David Attenborough chronicles life through his eyes in documentary

David Attenborough

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Grade: 4.0/5.0

The moment David Attenborough stutters a single “um” halfway through “David Attenborough: A Life on Our Planet,” viewers are exposed to the humanity lying underneath his steely exterior. In his faltering, he finds an emotional footing for scientific communication. With this film, directors Jonathan Hughes, Alastair Fothergill and Keith Scholey craft a transcendent epilogue to Attenborough’s life’s work, casting him as the protagonist in this story of ideas, evolution and death.

Having dedicated his career to all the life around him, it is only fitting that viewers finally get a glimpse into his life. Opening with Attenborough wandering the regretful structures of Chernobyl, the first scene lacks anything new to say about the disaster. He touches on what happened, then segues with, “But Chernobyl was a single event. The true tragedy of our time is still unfolding across the globe … the loss of our planet’s wild places.” In this first pass, the film uses restraint, holding onto a revelation that will be made more impactful by the rest of the film’s substance. It works.

This cold open gives way to the documentary’s strongest portion: Attenborough’s “witness statement.” In a heavy-handed reminder that this is not just another nature documentary, Attenborough’s childhood self, played by Max Hughes, searches for 180 million-year-old fossils in the rocks a short bike ride from his home. Suddenly, 93-year-old Attenborough takes his place in the present and, with all the same boyish energy, he proudly displays his latest find from his old digging ground, kicking off a journey through his life covering the natural world. The anxious emotion in these time shifts provides a solid narrative foundation for climate change –– one rooted in the celebration of life rather than the terrifying numbers.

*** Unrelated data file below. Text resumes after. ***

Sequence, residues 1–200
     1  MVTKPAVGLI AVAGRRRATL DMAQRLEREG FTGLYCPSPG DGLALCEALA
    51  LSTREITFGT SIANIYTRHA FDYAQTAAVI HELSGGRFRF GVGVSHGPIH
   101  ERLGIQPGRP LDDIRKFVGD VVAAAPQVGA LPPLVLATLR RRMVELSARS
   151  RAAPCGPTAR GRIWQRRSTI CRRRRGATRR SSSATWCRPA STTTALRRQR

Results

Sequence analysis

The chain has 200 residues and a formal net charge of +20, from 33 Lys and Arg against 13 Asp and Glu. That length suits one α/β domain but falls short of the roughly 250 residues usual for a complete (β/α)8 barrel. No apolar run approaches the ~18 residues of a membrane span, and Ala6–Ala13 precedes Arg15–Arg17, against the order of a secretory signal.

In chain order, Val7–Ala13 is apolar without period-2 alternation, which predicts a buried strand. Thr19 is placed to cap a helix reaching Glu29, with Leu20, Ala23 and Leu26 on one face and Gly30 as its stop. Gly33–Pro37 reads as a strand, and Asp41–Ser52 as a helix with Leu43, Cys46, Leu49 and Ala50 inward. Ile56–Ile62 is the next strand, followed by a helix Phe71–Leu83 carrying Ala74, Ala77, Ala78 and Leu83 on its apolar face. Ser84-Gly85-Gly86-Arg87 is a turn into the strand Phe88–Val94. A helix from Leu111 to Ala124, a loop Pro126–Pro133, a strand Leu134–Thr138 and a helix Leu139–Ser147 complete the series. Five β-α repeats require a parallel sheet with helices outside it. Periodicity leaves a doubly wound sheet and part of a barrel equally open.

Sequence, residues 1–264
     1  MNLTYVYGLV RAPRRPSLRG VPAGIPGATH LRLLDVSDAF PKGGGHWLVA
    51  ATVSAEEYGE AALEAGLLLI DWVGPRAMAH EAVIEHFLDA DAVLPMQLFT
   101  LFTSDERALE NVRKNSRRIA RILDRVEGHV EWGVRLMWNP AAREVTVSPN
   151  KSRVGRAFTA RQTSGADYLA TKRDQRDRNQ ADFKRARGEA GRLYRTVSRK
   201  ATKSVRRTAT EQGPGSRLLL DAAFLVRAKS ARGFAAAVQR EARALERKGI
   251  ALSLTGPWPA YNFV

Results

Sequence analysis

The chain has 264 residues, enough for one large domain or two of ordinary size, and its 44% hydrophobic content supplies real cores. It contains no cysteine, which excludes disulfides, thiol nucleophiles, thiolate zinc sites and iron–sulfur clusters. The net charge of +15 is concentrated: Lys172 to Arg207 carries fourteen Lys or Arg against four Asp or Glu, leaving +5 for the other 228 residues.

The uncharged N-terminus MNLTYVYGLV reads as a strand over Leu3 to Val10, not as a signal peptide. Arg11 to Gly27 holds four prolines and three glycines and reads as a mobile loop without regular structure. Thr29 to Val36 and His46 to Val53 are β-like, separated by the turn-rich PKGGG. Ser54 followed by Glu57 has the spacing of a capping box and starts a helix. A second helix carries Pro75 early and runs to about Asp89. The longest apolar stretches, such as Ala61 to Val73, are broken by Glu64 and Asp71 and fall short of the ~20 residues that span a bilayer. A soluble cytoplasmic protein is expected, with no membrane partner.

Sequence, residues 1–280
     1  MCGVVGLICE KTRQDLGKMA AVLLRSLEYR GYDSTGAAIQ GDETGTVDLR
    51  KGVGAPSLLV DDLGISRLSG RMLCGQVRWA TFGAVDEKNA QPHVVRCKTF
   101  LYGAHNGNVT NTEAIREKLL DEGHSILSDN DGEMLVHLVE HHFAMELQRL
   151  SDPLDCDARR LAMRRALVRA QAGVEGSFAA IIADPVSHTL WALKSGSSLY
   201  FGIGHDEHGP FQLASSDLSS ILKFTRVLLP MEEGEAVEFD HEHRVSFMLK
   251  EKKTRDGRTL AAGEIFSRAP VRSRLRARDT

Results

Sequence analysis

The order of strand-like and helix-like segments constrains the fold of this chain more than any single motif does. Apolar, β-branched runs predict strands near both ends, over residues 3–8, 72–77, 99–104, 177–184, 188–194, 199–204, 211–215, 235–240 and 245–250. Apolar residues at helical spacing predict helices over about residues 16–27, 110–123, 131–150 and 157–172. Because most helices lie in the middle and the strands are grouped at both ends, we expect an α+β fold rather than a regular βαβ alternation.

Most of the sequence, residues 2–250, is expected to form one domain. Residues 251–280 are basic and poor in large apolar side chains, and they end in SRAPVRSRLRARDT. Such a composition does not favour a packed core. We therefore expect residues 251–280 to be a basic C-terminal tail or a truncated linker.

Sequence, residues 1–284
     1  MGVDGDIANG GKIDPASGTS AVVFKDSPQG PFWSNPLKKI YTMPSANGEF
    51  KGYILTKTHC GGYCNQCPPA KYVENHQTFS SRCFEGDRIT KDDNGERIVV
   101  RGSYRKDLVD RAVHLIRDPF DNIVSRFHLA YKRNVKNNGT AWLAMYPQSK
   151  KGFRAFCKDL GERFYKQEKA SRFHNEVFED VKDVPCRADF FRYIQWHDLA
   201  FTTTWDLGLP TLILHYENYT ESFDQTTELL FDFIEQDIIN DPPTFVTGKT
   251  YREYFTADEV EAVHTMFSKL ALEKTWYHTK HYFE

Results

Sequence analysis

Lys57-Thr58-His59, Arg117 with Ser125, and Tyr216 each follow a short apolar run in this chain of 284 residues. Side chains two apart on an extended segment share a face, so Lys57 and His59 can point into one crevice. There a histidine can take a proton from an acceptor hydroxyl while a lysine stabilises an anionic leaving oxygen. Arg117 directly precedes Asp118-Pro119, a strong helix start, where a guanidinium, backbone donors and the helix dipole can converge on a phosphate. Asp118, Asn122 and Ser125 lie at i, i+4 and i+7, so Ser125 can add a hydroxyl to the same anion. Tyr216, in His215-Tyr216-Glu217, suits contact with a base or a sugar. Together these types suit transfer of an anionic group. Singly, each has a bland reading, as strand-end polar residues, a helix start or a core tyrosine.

The gut-wrenching climax of his witness statement sees his face superimposed over archival footage of his younger self, concluding that the wild world he saw was an illusion. Audiences are familiar with Attenborough talking down the lens; however, the moment he falters –– the “um” moment as the film returns to his testimonial –– is made possible by a “clever mirror rig” that enables him to talk to Hughes directly while looking down the lens. That invisible change perfectly encapsulates what the truly great moments of the film have: heart. In a world increasingly ambivalent toward scientific communication, Attenborough provides a reason to listen … and lays the foundation for the film’s weaker second half.

The images and predictions of the devastation coming in the next lifetime are horrifying, yet Attenborough reckons the solutions are simple: “Rewild the world.” A series of basic suggestions follow, with the film hanging on his every word: renewable energy, raising the global standard of living, protecting wild areas and global diet change, among other ideas. Yet the film, attempting to strike a hopeful tone, leaves wide open pauses for those simple ideas to fall apart –– not because they cannot work, but because of the reasons the film gives earlier for the “success” of the human species: humans evolve in ideas, and nature regulates itself through a give and take that humanity is no longer beholden by. 

Attenborough purposely steers clear of power structures, politics and the forces of human idea evolution he relies on earlier that break his hopeful vision. While this choice depoliticizes the issue, the tension between his simple solutions and the inability of people to collectively act, hidden in his lingering pauses, is only evident to those already fighting environmental power structures. For those people, the sadness of reality only empowers the film further.

Returning to Chernobyl, the film reveals that in the relatively short time since people fled, the wild has reclaimed its territory. The empty shells of human error now play host to a bounty of life, redeeming the hopeful tone of the solutions with evidence that humanity is either going with nature, or nature will go on after humanity disappears. “David Attenborough: A Life on Our Planet” is itself an example of its own vision for the Earth. Humans have broken free of restrictions with the destructive ability to evolve in ideas far faster than nature can evolve physically to answer them. This film is Attenborough’s hand in human evolution.

Contact Lachie Wappet at [email protected].